• Each of the plurality of non-sequential content templates (e.g., templates 56, 58, 60, 62) may define the general “look and feel” of the content (e.g., a word processor file and/or a slideshow presentation file) being generated. Each of the non-sequential content templates 56, 58, 60, 62 may define a plurality of data objects and may define at least one non-sequential navigation object that allows for non-sequential navigation between at least a portion of the plurality of data objects defined within the non-sequential content template. For example, a first non-sequential content template (e.g., template 56) may be a tabbed slideshow template that includes five tabs (positioned along the top of the template), each of which is linked to a unique data object (e.g., a page/slide) and allows for non-sequential navigation between the data objects. A second non-sequential content template (e.g., template 58) may be a tabbed slideshow template that includes four tabs (positioned along the side of the template), each of which is linked to a unique data object (e.g., a page/slide) and allows for non-sequential navigation between the data objects.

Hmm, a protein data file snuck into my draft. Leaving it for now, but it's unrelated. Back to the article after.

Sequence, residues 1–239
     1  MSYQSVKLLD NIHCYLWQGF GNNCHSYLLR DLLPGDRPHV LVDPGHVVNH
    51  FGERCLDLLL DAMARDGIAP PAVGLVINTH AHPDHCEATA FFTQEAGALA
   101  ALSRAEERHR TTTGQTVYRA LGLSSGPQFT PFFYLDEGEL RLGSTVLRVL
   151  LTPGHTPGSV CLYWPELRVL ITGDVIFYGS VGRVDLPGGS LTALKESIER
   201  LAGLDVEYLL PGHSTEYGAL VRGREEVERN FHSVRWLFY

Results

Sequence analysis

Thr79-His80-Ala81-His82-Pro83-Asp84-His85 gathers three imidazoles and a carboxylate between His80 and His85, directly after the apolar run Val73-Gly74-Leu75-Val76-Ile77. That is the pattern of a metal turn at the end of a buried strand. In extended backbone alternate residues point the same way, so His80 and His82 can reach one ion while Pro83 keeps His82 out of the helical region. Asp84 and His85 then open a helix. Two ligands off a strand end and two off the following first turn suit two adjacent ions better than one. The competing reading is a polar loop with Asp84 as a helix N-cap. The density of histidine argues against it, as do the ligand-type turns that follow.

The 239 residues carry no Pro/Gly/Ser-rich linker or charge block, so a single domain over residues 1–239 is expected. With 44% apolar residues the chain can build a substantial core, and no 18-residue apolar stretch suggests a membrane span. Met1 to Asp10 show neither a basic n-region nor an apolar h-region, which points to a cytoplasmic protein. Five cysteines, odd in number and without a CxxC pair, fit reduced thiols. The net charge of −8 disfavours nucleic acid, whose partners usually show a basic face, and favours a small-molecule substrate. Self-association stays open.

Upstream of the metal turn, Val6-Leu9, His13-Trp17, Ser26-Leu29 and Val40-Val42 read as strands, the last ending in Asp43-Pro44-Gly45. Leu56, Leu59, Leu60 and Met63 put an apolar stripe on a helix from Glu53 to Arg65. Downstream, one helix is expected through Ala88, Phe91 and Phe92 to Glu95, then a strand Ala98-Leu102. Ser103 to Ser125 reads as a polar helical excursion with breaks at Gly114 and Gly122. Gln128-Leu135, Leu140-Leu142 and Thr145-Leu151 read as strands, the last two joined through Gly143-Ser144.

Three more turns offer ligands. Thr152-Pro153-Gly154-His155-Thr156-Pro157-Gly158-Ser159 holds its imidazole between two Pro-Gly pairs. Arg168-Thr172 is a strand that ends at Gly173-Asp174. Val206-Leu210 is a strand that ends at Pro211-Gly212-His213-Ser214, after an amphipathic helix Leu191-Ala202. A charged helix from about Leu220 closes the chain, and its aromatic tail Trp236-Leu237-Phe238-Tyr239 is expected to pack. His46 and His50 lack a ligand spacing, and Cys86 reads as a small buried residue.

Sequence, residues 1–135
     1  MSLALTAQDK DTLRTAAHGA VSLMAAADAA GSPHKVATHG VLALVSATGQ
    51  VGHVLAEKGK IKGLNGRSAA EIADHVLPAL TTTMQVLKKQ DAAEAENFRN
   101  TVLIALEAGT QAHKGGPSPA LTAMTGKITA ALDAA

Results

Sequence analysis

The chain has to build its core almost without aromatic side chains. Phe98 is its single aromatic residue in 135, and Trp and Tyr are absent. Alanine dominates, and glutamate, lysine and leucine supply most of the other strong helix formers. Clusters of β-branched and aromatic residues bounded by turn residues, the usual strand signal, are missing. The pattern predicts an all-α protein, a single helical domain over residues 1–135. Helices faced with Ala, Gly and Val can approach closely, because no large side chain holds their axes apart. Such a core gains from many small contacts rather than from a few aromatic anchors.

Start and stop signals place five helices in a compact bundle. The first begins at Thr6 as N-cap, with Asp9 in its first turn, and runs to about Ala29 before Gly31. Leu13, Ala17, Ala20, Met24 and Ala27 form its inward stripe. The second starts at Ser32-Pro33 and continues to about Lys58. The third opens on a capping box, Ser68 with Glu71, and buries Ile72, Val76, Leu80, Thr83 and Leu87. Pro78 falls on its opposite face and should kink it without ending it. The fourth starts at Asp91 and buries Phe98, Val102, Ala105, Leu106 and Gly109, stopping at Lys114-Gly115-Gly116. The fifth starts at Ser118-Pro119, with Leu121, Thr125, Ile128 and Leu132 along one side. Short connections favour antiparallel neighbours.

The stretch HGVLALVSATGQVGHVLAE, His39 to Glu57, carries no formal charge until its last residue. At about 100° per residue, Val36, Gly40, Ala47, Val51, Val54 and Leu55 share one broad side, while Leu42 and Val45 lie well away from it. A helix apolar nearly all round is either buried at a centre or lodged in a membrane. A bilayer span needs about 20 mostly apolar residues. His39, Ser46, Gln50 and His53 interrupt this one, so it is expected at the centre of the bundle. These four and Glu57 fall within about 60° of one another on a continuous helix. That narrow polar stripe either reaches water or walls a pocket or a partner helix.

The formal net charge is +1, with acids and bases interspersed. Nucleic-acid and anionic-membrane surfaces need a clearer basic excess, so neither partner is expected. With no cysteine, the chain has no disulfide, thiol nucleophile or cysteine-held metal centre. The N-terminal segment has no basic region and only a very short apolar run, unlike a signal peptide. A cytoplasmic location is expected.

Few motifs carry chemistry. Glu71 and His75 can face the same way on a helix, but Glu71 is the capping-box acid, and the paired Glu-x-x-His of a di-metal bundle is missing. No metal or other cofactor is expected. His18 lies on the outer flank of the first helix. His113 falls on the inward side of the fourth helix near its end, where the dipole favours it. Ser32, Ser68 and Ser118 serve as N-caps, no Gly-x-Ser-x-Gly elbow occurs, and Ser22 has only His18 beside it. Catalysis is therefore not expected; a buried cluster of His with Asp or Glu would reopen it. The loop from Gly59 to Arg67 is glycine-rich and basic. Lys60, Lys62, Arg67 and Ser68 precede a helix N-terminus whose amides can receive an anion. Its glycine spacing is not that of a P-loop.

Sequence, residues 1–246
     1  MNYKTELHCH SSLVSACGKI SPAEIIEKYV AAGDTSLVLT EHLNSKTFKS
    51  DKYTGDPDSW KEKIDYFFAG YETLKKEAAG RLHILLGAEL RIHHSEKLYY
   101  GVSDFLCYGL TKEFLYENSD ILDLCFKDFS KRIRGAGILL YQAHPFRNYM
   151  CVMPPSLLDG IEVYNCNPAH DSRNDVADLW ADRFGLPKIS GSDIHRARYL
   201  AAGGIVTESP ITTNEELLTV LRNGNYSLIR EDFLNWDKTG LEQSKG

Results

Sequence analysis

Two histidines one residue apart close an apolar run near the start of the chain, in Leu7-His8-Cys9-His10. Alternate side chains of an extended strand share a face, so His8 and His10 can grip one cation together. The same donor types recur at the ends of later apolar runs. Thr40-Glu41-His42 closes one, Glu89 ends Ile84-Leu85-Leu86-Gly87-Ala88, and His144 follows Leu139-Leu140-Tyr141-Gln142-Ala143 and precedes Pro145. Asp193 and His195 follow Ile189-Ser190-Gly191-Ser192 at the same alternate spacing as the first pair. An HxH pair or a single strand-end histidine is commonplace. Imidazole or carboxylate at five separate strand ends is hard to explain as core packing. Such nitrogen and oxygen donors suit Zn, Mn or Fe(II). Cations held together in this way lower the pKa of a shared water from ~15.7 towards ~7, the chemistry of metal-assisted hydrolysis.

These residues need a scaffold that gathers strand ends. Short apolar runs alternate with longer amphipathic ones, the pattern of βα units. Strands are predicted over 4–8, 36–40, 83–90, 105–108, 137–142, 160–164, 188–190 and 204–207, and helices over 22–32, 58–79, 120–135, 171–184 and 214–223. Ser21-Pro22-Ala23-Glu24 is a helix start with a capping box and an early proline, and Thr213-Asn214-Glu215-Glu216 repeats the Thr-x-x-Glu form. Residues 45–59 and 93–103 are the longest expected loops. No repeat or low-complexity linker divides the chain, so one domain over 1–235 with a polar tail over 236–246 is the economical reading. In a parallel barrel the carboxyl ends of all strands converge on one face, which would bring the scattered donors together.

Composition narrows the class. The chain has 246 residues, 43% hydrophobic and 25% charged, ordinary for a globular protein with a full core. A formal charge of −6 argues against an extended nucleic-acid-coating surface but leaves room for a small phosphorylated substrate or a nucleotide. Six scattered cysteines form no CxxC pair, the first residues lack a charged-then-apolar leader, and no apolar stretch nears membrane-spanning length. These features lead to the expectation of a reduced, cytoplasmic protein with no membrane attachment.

• Each of the plurality of non-sequential content templates (e.g., templates 56, 58, 60, 62) may include two or more discrete animation sequences for applying to at least a portion of the data objects defined within the content template. The non-sequential content templates (e.g., templates 56, 58, 60, 62) may allow the user (e.g., user 14) to control the manner in which data objects (e.g., pages/slides) included within the content (e.g., a word processor file and/or a slideshow presentation file) being generated by the user are manipulated. For example, through the use of a non-sequential content template (e.g., templates 56, 58, 60, 62), the user (e.g., user 14) may control the manner in which one or more data objects included within the content being generated are introduced. For example, if a slide within a slideshow presentation is to include photographs of the four founders of a company, the non-sequential content template (e.g., template 62, 64) may control the manner and sequence in which the individual photographs appear within the particular slide. For example, a non-sequential content template (e.g., template 60) may have each of the four photographs sequentially fade in. Alternatively, another non-sequential content template (e.g., template 62) may have each of the four photographs slide into view from off screen.